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The Russian Orthodox Bible

Discussion in '2004 Archive' started by Ben W, Jul 25, 2004.

  1. Ben W

    Ben W New Member

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    The Russian Orthodox approved version of the Bible appears to be interesting, it dates from the first publicly made available translation of the Bible, the Slavonic Bible in the Eighth Century.

    This article is quite interesting, I would be interested in your thoughts.

    http://orlapubs.com/AR/R89.html
     
  2. DeclareHim

    DeclareHim New Member

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    I don't know I disagree with some of the Apocrypha parts. I don't believe there canon. Interesting read but long I didn't finish it yet have to do it tomorrow. Definetly interesting thanks for the link.
     
  3. 3John2

    3John2 New Member

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    I wonder if any of that applies to the Russian Synodal bible translation? My wife is Ukrainian so I'm always looking for bible translations in Russian or Ukrainian but there are VERY FEW.
     
  4. Ben W

    Ben W New Member

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    What it leads me to wonder, is if how many Translations there are that have the books of Maccabes included in them. It seems to me that this is the case in the Orthodox version.

    3John2, I think there is a Bible Society in Russia, maybe they could help?
     
  5. mioque

    mioque New Member

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    "how many Translations there are that have the books of Maccabes included in them."
    ''
    All Catholic ones, all Eastern-Orthodox ones, all Oriental-Orthodox ones, a number of studybibles and direct reprints of early Reformation era Bibles.
     
  6. EaglewingIS4031

    EaglewingIS4031 New Member

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    What is the difference I thought "eastern" and "oriental" meant the same thing?
     
  7. mioque

    mioque New Member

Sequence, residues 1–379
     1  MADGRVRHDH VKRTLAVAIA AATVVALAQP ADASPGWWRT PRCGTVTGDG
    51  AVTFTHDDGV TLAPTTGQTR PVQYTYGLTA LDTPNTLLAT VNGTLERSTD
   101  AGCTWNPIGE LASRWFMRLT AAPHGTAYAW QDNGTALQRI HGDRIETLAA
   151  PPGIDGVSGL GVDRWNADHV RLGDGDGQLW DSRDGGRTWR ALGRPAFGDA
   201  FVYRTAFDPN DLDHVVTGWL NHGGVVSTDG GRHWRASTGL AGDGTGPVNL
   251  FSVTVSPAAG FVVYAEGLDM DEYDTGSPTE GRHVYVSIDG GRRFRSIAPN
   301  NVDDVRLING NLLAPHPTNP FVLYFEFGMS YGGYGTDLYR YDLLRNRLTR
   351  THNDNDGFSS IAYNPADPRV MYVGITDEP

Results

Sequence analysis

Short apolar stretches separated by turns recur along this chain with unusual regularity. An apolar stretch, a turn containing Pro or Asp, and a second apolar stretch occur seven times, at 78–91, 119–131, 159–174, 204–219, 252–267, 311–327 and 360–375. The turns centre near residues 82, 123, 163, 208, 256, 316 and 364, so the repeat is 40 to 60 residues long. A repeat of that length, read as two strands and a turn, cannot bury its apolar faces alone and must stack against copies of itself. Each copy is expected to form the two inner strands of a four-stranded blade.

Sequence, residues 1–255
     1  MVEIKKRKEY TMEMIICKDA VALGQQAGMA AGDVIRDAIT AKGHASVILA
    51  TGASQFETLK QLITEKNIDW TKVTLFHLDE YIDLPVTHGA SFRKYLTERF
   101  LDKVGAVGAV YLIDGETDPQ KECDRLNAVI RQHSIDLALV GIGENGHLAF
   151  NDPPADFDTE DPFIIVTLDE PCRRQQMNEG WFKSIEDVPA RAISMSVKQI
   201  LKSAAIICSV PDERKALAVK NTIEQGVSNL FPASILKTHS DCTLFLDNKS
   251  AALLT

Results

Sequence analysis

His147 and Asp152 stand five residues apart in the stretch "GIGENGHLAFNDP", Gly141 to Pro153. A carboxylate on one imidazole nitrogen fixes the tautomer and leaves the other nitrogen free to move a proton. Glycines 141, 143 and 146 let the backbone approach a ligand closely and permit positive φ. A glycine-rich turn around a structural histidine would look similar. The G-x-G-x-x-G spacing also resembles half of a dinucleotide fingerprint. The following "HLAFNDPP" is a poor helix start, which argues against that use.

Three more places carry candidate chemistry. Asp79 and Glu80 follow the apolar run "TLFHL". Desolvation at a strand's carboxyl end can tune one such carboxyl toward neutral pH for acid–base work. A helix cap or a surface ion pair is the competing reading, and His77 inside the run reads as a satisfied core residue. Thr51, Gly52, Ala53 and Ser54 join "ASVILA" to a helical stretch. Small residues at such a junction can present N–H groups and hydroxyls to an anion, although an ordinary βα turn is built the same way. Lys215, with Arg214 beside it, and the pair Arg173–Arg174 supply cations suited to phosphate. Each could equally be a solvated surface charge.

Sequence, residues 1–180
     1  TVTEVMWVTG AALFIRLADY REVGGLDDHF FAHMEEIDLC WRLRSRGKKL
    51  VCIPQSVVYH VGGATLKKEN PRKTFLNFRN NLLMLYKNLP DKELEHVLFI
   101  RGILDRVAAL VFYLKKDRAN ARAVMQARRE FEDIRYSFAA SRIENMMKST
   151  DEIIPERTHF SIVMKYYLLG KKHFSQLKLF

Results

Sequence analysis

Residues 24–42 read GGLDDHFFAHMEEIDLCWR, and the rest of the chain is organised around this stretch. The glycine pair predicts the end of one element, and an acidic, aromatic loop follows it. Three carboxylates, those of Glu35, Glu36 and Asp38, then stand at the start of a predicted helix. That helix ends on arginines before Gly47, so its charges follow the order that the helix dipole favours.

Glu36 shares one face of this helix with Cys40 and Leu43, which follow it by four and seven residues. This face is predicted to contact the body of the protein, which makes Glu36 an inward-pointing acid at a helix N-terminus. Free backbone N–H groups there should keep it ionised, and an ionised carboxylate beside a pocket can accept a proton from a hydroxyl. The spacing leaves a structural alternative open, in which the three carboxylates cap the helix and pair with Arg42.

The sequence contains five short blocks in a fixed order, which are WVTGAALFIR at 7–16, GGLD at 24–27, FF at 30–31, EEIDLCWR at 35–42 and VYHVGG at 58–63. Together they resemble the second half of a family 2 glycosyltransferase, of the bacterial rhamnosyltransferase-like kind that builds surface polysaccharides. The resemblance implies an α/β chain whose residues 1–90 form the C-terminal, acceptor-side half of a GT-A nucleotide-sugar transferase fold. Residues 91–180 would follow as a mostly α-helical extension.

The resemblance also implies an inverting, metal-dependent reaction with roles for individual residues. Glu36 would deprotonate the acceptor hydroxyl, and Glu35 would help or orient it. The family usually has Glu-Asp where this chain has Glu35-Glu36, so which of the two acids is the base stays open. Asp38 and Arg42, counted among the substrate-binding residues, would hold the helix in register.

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    "I thought "eastern" and "oriental" meant the same thing?"
    ''
    Certainly not.

    Eastern-Orthodox are those churches that parted ways with the Western (afterwards Roman Catholic) Church during the schism of 1054. Examples are the Greek-Orthodox and Russian-Orthodox churches.

    Oriental-Orthodox are all those churches that parted ways earlier, splitting away during the formation of the unified state church, of the late Roman empire(s) (east&West). Examples are the Ethiopian-Orthodox Church and the Nestorians.

    And no baptists (despite the Landmark silliness) aren't Oriental-Orthodox, they are simply a movement coming out of the Reformation.
     
  8. Ben W

    Ben W New Member

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    Mioque, you seem to have quite some information on this, can I ask where the Christian Coptic Church (Egypt) factors into the breaking away of churches?
     
  9. mioque

    mioque New Member

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    "where the Christian Coptic Church (Egypt) factors into the breaking away of churches? "
    ''
    They started to break away after 451 (council of Chalcedon). The rest of Christianity usually believes in the 2 natures of Jezus (1 human, 1 divine). The Kopts believe he has only 1 (both human and divine).
     
  10. Ben W

    Ben W New Member

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    Which then naturally leads to an interesting observation of Christians. Did all of Jesus die on the Cross?

    People might say that His human part died, but His spiritual part stayed alive. If the Kopts say that he has only one nature then it neccessaraly follows that the one nature must have fully died.

    Clear as mud? [​IMG]
     
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